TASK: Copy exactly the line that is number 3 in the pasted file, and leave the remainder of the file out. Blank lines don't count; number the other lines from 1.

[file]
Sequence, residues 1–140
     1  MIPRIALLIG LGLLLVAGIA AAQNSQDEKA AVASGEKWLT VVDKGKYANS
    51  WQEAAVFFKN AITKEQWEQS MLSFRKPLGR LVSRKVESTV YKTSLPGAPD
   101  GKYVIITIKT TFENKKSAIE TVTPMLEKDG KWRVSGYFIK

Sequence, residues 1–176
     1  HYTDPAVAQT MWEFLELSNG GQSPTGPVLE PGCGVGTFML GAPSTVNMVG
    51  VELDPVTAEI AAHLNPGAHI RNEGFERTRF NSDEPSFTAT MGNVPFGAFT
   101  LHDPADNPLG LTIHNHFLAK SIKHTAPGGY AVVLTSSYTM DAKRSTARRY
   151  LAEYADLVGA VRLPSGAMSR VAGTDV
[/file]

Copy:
    51  WQEAAVFFKN AITKEQWEQS MLSFRKPLGR LVSRKVESTV YKTSLPGAPD